10 Ways to Help Others During the Coronavirus Crisis

It’s tough to know how to help during this coronavirus pandemic. You may find that you have more time on your hands right now than ever. You might even be out of work with nothing to do and nowhere to go.
At the same time, the news is currently full of stories about people who are struggling all over in many ways. It’s easy to find yourself feeling overwhelmed and confused about how you can help.
Fortunately, there are some things you can do right now to help during this crisis without leaving your home. And most of these won’t even cost you any money.
Stay Updated: A Detailed Timeline of Coronavirus 2019 (COVID-19) Cases According to the CDC, WHO
Stay Home
Although you might feel as though you’re sitting around doing nothing, staying home is the best thing you can do right now. Not only will it keep you safer, but it’ll also protect those in your community (including healthcare workers).
So when you’re sitting around thinking about all the things you wish you could be doing to help, remind yourself that staying home is an important job in itself right now.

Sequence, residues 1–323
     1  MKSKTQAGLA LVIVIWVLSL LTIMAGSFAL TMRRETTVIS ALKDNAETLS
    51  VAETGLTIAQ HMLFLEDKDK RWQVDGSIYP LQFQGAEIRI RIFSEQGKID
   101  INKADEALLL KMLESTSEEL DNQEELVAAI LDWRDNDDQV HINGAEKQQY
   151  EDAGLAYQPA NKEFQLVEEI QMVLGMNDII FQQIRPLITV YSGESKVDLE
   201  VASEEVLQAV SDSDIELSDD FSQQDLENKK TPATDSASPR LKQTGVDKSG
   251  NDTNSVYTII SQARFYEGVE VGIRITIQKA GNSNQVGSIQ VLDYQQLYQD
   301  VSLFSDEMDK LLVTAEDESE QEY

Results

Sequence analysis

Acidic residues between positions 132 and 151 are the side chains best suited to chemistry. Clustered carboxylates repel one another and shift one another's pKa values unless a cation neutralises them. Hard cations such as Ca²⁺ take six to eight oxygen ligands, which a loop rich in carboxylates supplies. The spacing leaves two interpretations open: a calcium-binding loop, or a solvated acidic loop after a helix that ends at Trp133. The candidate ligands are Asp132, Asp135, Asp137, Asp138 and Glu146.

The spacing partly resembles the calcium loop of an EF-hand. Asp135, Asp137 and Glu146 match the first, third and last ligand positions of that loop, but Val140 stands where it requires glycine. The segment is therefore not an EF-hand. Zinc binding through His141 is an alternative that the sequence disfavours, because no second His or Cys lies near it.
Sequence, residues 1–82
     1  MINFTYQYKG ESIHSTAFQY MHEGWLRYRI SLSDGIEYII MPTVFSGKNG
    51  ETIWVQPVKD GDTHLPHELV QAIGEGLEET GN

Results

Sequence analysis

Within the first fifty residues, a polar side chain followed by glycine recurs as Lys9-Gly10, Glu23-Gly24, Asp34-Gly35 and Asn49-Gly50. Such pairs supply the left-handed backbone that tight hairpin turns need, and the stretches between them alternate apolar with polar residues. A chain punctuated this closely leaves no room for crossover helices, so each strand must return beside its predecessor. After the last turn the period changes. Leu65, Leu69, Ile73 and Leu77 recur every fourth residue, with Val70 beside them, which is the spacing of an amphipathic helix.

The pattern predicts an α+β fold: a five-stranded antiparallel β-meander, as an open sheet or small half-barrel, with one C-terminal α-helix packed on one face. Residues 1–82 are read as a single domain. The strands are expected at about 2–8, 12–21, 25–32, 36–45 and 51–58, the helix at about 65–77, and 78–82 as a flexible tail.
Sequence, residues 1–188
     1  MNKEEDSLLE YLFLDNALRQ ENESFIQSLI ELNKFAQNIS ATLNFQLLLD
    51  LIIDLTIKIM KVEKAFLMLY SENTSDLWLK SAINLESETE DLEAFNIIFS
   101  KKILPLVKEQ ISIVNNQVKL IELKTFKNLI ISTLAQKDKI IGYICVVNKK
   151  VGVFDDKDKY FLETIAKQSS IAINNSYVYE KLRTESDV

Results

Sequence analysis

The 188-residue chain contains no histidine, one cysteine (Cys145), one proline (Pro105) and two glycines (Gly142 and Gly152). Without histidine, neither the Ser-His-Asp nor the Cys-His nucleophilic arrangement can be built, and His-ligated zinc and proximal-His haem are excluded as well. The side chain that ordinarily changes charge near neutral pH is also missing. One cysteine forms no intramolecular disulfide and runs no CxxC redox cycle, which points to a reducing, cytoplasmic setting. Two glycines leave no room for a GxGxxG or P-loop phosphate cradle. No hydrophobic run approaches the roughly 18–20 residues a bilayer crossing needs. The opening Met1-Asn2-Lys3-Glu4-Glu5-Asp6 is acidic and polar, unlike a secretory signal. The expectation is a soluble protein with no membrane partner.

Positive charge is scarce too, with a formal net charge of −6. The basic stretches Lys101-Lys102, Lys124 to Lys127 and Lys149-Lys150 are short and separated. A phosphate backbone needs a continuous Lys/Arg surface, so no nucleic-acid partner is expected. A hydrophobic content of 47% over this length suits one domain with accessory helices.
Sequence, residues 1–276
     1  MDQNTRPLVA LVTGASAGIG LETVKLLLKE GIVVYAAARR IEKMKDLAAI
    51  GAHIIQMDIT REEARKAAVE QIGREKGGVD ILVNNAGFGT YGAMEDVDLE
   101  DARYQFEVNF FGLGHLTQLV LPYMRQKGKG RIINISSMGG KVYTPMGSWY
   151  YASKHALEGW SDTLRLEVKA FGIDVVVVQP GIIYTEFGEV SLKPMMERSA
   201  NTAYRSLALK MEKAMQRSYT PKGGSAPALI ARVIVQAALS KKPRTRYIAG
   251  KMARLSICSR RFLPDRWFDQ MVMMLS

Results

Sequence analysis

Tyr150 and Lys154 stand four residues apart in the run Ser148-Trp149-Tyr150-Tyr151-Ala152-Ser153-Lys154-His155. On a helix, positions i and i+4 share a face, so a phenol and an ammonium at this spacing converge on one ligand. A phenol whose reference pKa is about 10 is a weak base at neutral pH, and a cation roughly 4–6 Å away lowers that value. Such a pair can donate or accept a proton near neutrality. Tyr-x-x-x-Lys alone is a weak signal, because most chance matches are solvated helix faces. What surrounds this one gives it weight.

If you feel compelled to do something while you’re at home, then get some items ready to donate. Clean out your closets, and see if you have any clothes you can give away. Or go through your household goods, and see if any of these are available to be donated to people in need. Then, when it’s safe to be in the community again, donate your items to a local charity.
Check on Other People
Call your friends and neighbors to check on them. You might find an elderly neighbor isn’t aware that they can have their groceries delivered. Or you may discover your friend needs some emotional support .
Video chat, call, or message people just to say you’re thinking of them. Let them know you’re available if they want to talk (if you are willing to do so).
Send handwritten notes too. Right now many people would love to get a letter or card in the mail that reminds them you’re thinking of them.
Make Some Deliveries